We may not like this distinction, but the Bible does make it, repeatedly. In fact, Paul makes it, clearly, when he writes to Timothy about taking care of widows in the church at Ephesus. T&R 1Ti 5:1-16
I realize that there are several ways that what he has to say to Timothy in these words seem irrelevant to our modern situation. There's actually a couple of sermons to preach here to try to explain and apply all of this. Perhaps it's time to preach through First and Second Timothy. For now, just notice that 20 years after Acts 6, hundreds of miles away in the pagan city of Ephesus, in a church of mixed Jew and Gentile heritage, the mandate to care for the widows remains clear. This carries across the years, the miles, the cultural differences: God’s people care for the vulnerable among them. The notable difference is that in this case, Paul actually gives instructions to Timothy about how to make appropriate distinctions between those who are truly widows and those who are not.
This distinction is at the root of the Elizabethan English poor law distinction between the deserving and the undeserving poor. Some widows are truly destitute and have no other options but for the church to simply support them. Others have family members that can take care of them, and others have steps they can take to see to their own needs. Paul says the church should not take care of them. What should we make of this?
We had one member of this church a number of years ago, a sweet, boisterous, delightful sister, who said that Paul was just a bigot and she didn't like him at all. She's not alone in the assessment. There are plenty of people in the modern world who agree with her. What we lovingly invited her to consider is that Paul's words are inspired by the Spirit of God and speak with the authority of Jesus Christ himself, so we don't have the option of simply calling him a bigot and ignoring what he says. And that's true about this passage as well. And what that means is that we have the responsibility as a church both to help those who are truly helpless and to help those who are idlers or busybodies or sluggards or drunkards to grow out of that joyless and Christless part of their character and grow into something better and more beautiful.
the third principle
CHRISTENDOM: God wants his people is to care for the vulnerable as part of a comprehensive effort to extend his Kingdom by discipling the nations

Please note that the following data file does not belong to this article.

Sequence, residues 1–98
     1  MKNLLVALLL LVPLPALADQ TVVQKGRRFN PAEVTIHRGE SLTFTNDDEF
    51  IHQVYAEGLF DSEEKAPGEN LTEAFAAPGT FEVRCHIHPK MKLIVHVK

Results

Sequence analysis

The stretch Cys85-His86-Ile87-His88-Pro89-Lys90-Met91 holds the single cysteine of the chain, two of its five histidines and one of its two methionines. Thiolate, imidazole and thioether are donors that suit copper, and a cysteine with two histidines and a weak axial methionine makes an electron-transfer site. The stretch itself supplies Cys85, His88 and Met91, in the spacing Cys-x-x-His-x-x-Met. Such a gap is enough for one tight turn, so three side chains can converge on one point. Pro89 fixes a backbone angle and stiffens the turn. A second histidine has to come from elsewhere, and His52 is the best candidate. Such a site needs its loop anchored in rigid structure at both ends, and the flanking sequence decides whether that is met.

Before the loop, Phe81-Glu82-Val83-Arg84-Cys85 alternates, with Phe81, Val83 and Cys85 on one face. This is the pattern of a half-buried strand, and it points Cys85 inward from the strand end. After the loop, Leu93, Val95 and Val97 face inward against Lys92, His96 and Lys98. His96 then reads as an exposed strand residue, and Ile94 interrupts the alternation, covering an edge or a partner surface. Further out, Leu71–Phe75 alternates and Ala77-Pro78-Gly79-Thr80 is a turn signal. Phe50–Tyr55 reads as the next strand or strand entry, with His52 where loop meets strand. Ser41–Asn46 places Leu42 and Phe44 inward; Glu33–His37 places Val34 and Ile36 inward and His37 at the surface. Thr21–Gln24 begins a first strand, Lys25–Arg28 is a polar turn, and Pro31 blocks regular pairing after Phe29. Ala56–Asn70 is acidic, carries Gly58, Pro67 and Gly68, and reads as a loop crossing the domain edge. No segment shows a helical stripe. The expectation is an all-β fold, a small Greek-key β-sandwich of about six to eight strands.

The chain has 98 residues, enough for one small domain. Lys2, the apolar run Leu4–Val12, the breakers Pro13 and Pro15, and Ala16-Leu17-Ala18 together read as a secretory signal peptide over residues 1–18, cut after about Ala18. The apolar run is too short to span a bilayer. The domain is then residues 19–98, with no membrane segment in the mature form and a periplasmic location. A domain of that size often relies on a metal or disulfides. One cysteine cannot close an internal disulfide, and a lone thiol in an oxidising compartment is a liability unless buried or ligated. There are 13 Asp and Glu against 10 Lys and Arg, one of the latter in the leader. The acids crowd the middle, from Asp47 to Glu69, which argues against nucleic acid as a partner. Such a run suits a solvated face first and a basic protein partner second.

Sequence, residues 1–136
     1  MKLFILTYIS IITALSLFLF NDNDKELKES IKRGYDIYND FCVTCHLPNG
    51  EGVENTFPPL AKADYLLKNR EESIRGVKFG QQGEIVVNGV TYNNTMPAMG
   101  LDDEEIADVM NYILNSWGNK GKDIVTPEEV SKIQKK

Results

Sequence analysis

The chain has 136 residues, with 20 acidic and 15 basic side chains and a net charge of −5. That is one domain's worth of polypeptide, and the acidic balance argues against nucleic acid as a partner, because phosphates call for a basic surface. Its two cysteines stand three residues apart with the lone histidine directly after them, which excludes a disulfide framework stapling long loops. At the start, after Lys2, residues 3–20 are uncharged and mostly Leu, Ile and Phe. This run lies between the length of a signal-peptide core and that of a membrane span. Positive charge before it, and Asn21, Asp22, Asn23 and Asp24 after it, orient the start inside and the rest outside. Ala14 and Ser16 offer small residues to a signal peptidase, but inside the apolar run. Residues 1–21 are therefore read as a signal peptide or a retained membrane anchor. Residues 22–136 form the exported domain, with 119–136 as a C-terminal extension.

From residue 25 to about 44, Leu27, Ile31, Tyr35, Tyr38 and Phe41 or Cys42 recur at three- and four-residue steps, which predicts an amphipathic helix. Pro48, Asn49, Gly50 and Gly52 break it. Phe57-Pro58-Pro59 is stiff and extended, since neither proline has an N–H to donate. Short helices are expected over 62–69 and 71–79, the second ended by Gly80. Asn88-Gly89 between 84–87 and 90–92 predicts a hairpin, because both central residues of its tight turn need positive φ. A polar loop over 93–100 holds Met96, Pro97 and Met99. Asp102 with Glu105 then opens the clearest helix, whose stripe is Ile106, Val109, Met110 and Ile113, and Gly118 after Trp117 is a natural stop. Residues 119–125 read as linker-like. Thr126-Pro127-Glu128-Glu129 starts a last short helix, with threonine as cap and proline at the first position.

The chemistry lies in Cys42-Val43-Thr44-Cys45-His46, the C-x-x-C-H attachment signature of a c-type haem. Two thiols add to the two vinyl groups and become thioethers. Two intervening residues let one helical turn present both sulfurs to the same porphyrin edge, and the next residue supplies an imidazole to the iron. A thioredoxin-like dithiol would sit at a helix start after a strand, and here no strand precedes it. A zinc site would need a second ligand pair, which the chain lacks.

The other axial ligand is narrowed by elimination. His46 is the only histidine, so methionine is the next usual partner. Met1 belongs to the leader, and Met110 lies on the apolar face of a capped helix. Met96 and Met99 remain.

You have heard me mention a couple of times already the English poor laws of the 1500’s and how they were based on these biblical injunctions for God's people to take care of the poor and the widows and the orphans and the foreigners among them, and never to oppress or neglect them. We need to recognize that we live in a world today that has been shaped by 2000 years of the growing influence of Christianity. I know many of you share my concerns about how the last fifty years or so have seen the devastating effects of Marxism, feminism, the sexual revolution, the gay rights movement and the trans rights movement. What you need to know is that all of those movements are really just overextensions and misapplications of the biblical injunctions for God's people to help the poor and the widow and the helpless. X2
God's Word insists on a proper balance between conviction and compassion, between mercy and reality. People have tried to conform our culture to the values of the Kingdom (mercy, compassion, justice, inclusion), but without the real, historical, biblical King Jesus. They have tried to take the whole program secular, end avoid the necessity of submission to king Jesus. The result is that our enemy has taken the values of the Kingdom and done what he always does with God's good gifts: he has twisted them and turned them into something uniquely destructive. But let's go back the what the King commanded, and how his apostles put those commands into practice in the first churches. Then we'll learn something about what God really wants in the care of the vulnerable and the needy and the helpless.
In particular, let's take note of four mistakes that American Christians have been making for the last few decades and that we need to correct as we try to follow our Lord Jesus here in Dundalk today. And I do not mean that we have been making all these mistakes equally here in Dundalk as evangelicals across America have made them. Some we have. Some we haven’t. But all of them are things we need to be aware of.
We have been overlooking abuse
This is of course the most extreme form of mistreatment of the vulnerable in our churches. There's no need for me to rehash the shameful scandals that have plagued virtually every kind of Christianity practiced in the world over the last few decades. It is enough to note that in our own neck of the woods, the Southern Baptist Convention, and particularly The Baptist Convention of Maryland/Delaware, we have been taking and continue to take definite, concrete steps to be sure that the vulnerable are protected and cared for, not abused and exploited in our churches. And I thank God that we have had no such scandals here at Dundalk's First Baptist Church. This is no reason for self-congratulation though, and no cause for relaxation. There is work to do still. As we rebuild the ministries of this church, we will need to be careful to insist on the policies and protections that are already in place, and more conscientious than we’ve ever been.